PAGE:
Consultants and private practice

Learn about the rights and responsibilities of consultants working in private practice, and issues relating to conflicts of interest.

Location: UK
Audience: Consultants
Updated: Monday 18 December 2023
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The ability of NHS consultants to carry out private practice in their non-NHS time is an essential part of the flexibility and freedom built into national contracts. This guidance sets out the rights and responsibilities of consultants in relation to private practice, as well as addressing issues of conflicts of interest.


What does the consultant contract say?

All the national consultant contracts include clear provisions that set out the relationship between NHS work, private practice and fee-paying services (Schedules 6 and 9, England and Northern Ireland; Section 6, Scotland; Addendum Chapter 9, Wales).

The key contractual points are:

  • you must ensure that your private practice or fee-paying services do not result in a detrimental effect on NHS patients or services, nor diminish the public resources that are available for the NHS. There must be no conflict of interest between your NHS and private work
  • you are obliged to disclose any private practice commitments to your employer. You do not require their permission to undertake private practice
  • the employing organisation may, but is not obliged to, offer the consultant the opportunity to carry out under these Terms and Conditions (including the remuneration arrangements contained in these Terms and Conditions) up to one extra Programmed Activity per week on top of the standard commitment set out in his or her contract of employment, subject to the provisions in paragraph 7 for consultants who have previously held a maximum part-time NHS consultant contract

Furthermore, there is nothing in the consultants' contract terms and conditions, or the private practice code that states private practice cannot be undertaken while on maternity leave. We would therefore advise that, provided the doctor complies with the normal private practice regulations and keeps their employer informed, then undertaking some private practice while on maternity leave is acceptable.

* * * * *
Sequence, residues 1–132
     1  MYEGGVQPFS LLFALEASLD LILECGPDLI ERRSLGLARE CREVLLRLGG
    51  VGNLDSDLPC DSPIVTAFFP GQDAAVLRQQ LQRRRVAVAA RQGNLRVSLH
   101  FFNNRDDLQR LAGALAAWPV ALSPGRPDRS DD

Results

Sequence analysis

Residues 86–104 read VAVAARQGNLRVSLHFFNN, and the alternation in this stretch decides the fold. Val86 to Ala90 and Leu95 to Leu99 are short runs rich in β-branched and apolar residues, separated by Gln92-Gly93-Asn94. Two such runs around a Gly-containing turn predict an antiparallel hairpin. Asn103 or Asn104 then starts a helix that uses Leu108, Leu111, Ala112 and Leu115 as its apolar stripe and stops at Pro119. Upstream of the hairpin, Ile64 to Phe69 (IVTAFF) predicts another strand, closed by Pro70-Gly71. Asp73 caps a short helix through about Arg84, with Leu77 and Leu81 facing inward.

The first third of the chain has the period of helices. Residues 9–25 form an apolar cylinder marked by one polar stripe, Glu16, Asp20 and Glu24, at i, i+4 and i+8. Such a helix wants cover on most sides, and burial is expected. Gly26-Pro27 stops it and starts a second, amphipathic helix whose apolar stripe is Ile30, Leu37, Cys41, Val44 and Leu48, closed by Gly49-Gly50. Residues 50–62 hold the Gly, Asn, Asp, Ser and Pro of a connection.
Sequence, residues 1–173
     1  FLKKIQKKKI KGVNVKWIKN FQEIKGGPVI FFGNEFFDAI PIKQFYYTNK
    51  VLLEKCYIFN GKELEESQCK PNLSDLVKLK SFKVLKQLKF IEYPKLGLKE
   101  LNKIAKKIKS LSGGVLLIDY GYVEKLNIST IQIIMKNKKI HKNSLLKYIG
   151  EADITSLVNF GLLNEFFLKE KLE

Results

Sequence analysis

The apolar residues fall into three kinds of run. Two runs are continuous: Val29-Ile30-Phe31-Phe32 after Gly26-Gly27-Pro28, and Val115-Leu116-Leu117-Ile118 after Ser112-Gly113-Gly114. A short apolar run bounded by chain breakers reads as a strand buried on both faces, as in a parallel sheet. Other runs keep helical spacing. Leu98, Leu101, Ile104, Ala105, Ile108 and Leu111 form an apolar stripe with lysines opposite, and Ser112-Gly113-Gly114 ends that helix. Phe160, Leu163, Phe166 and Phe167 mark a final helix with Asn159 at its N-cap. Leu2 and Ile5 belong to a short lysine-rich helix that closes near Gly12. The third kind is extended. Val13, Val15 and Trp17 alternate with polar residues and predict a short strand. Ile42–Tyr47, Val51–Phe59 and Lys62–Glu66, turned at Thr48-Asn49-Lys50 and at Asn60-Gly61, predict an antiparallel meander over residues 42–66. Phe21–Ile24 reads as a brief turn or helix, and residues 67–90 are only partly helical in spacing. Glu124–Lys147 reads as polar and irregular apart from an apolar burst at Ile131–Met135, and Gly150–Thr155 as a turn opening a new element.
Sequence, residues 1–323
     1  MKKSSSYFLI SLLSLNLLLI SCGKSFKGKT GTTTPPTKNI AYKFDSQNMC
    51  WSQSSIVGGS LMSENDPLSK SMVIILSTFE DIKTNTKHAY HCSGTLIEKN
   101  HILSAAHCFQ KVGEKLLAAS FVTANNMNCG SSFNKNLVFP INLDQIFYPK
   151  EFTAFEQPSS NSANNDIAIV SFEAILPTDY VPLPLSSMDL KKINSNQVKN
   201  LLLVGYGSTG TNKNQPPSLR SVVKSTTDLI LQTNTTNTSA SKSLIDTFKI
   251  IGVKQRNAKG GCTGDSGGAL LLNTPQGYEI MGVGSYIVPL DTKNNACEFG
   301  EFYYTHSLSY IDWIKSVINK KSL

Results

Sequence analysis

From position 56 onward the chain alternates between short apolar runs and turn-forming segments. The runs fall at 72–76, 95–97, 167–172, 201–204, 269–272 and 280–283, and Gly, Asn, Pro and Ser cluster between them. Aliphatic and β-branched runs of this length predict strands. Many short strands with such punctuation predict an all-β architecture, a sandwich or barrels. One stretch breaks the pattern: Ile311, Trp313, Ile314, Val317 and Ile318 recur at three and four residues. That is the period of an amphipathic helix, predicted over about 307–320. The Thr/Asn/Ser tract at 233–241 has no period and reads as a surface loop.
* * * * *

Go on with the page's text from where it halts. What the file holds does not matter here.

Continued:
The code of conduct for private practice contains additional obligations relating to scheduling and best practice for arrangements. Compliance with this code is one of the criteria for pay progression.


NHS patients

Consultants should not spend time discussing private treatment with patients during NHS consultations. When patients raise questions about the availability of private treatment, it is advised that consultants refer enquiries to their private secretaries. Consultants may briefly answer factual questions about the availability of private treatment and should then inform the patient’s GP about the request for information.

Requests for second opinions in the private sector should generally be complied with unless there are good reasons to justify a refusal. Patients are entitled to seek a second opinion on a private basis and the treating NHS consultant should facilitate this where possible or liaise with the patient’s GP about arranging a private referral.

Consultants may not use NHS staff for the provision of private services without the agreement of their NHS employer. The consultant responsible for admitting a private patient to NHS facilities must ensure that the responsible manager and any other staff assisting in providing services are aware of the patient’s private status.


Key concerns for consultants

My employer says I can’t deliver private practice for another employer while working for the NHS. Is that correct?